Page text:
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Rosling at TED

Hans Rosling (born July 27, 1948[1] in Uppsala, Sweden) is Professor of International Health at Karolinska Institutet and Director of the Gapminder Foundation, which developed the Trendalyzer software system. From 1967 to 1974 he studied statistics and medicine at Uppsala University, and in 1972 he studied public health at St John's Medical College, Bangalore. He became a licenced physician in 1976 and from 1979 to 1981 he served as District Medical Officer in Nacala in northern Mozambique.

Contents

Research

On 21 August 1981, Rosling discovered an outbreak of a formerly unknown paralytic disease and the investigations that followed earned him a Ph.D. degree at Uppsala University in 1986. He spent two decades studying outbreaks of this disease in remote rural areas across Africa and supervised more than ten Ph.D. students. His research group named the new disease konzo, the local designation by the first affected population. Outbreaks occur among hunger-stricken rural populations in Africa where a diet dominated by insufficiently processed cassava results in simultaneous malnutrition and high dietary cyanide intake.[2]

Other work

Rosling's research has also focused on other links between economic development, agriculture, poverty and health in Africa, Asia and Latin America. He has been health adviser to WHO, UNICEF and several aid agencies. In 1993 he was one of the initiators of Médecins sans frontières in Sweden. At Karolinska Institutet he was head of the Division of International Health (IHCAR) from 2001 to 2007. As chairman of Karolinska International Research and Training Committee (1998—2004) he started health research collaborations with universities in Asia, Africa, the Middle East and Latin America. He started new courses on Global Health and co-authored a textbook on Global Health that promotes a fact-based world view.

Gapminder

Rosling co-founded the Gapminder Foundation together with his son Ola Rosling and daughter-in-law Anna Rosling Rönnlund. Gapminder developed the Trendalyzer software that converts international statistics into moving, interactive and enjoyable graphics. The aim is to promote a fact-based world view through increased use and understanding of freely accessible public statistics. His lectures using Gapminder graphics to visualise world development have won awards by being humorous yet deadly serious. The interactive animations are freely available from the Foundation's website. In March 2007 Google acquired the Trendalyzer software with the intention to scale it up and make it freely available for public statistics. Google has since made available a Motion Chart Google Gadget.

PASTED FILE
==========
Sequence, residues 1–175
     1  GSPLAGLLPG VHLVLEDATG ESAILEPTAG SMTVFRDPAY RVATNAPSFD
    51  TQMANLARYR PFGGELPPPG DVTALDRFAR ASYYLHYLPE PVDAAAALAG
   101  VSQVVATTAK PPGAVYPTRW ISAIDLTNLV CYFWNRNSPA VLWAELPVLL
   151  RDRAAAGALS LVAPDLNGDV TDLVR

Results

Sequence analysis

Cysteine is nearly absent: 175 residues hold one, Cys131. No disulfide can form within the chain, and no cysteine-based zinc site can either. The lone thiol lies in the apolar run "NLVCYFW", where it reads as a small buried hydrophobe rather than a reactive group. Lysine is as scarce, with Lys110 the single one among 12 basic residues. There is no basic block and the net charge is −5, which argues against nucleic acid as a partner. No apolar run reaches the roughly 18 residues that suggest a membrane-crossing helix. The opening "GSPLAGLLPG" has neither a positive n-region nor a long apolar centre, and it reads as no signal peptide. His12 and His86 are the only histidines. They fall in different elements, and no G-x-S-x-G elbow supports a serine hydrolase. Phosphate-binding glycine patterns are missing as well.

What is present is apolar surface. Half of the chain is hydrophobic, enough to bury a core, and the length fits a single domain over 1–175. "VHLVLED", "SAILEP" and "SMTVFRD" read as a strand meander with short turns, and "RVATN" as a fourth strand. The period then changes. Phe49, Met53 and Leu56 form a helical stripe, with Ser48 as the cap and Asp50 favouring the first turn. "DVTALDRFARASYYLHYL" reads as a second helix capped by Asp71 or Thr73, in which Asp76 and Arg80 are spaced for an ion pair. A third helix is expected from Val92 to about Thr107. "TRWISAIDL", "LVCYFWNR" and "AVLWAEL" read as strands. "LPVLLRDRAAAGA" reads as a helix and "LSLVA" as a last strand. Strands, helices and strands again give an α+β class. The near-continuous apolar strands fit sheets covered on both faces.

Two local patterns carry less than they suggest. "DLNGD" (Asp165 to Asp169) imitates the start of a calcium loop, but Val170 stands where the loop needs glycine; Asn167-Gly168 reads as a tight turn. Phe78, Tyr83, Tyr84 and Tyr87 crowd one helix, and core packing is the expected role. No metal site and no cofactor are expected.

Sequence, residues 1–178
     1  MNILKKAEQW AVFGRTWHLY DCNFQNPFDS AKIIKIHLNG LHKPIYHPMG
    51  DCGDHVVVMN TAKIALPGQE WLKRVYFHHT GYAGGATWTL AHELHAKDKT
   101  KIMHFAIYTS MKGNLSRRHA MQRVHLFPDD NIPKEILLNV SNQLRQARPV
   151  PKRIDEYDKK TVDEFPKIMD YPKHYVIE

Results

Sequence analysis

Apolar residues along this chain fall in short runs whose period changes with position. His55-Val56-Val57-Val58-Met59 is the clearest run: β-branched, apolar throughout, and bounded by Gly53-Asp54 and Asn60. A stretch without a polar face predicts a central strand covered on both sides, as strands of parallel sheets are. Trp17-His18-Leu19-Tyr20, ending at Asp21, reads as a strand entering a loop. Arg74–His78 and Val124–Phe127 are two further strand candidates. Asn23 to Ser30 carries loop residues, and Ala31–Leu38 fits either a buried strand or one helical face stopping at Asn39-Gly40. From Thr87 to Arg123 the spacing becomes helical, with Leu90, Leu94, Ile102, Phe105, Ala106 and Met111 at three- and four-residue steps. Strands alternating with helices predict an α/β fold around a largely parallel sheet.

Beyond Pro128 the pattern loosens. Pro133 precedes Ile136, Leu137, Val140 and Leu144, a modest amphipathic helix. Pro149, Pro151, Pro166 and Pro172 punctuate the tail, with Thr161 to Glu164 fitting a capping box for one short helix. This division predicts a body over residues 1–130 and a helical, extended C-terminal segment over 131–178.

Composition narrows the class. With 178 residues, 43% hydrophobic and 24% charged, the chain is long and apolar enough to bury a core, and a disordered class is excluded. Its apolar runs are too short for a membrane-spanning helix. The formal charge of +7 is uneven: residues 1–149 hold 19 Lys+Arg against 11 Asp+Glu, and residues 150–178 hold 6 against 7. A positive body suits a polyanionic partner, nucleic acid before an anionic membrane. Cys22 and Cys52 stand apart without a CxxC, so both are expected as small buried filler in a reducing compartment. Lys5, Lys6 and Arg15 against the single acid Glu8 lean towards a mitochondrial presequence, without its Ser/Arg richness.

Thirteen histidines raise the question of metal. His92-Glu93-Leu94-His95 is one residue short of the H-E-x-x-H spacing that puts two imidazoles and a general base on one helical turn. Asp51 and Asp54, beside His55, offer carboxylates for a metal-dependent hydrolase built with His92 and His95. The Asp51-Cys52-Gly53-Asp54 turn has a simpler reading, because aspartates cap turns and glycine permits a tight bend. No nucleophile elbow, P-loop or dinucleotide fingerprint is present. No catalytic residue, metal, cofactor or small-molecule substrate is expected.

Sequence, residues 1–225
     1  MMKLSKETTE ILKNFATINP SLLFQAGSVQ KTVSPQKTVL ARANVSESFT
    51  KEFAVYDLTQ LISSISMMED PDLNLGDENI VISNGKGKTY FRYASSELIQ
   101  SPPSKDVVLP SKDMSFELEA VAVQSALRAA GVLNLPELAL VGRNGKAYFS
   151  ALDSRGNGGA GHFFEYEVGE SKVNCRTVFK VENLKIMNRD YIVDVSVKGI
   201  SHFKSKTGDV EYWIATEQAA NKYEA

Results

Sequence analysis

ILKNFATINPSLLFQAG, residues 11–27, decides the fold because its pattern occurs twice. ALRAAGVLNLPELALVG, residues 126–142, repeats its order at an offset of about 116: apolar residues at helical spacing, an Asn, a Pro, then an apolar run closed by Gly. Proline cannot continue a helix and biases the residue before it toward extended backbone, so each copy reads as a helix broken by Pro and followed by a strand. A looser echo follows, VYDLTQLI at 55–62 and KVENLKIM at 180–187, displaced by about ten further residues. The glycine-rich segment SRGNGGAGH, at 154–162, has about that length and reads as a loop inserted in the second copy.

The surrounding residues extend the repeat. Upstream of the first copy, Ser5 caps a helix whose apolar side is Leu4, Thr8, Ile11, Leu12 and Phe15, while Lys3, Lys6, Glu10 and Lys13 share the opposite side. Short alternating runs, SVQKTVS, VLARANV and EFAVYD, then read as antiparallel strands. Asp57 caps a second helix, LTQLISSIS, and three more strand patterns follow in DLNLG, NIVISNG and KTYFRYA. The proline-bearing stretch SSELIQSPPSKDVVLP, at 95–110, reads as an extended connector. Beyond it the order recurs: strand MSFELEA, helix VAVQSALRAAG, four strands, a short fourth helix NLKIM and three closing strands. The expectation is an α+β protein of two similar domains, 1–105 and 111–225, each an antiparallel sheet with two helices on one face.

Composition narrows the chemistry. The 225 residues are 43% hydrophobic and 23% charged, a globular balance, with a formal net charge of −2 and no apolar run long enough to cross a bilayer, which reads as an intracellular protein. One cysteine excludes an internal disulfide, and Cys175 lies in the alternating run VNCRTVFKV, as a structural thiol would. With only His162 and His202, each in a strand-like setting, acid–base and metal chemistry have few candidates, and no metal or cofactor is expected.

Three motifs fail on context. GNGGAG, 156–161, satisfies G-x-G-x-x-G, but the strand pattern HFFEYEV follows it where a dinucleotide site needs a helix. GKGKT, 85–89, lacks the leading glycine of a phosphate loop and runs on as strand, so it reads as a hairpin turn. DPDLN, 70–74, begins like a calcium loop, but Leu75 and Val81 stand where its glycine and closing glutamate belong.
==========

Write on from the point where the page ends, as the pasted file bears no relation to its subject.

Rosling is also a sword swallower, as demonstrated in the final moments of his second talk at the TED conference.[3]

He competed in the popular Swedish game show "På Spåret" in 2009.[4]

Selected works

  • Lindstrand A, Bergtröm S, Rosling H, Rubensson B, Stenson B, Tylleskär T (2006). GLOBAL HEALTH an introductory textbook Lund: Studentlitteratur ISBN 978-91-44-02198-0

References

  1. ^ "Hans Rosling: Asia's rise -- how and when". TED Conferences. November 2009. http://www.ted.com/talks/hans_rosling_asia_s_rise_how_and_when.html. Retrieved 6 December 2009.  
  2. ^ Howlett, W. P.; G. R. Brubaker, N. Mlingi and H. Rosling (1990). "Konzo, an epidemic upper motor neuron disease studied in Tanzania". Brain (Oxford: Oxford University Press) 113 (1): 223-235. ISSN 1460-2156. http://brain.oxfordjournals.org/cgi/content/abstract/113/1/223/. Retrieved 6 December 2009.  
  3. ^ "Hans Rosling's new insights on poverty". TED Conferences. March 2007. http://www.ted.com/talks/hans_rosling_reveals_new_insights_on_poverty.html. Retrieved 6 December 2009.  
  4. ^ (Swedish) "Spelschema 2009 - På Spåret". http://svt.se/2.99867/1.1728942/spelschema_2009_copy?lid=puff_1728946&lpos=extra_2 (Swedish). Retrieved 9 January 2010.  

External links


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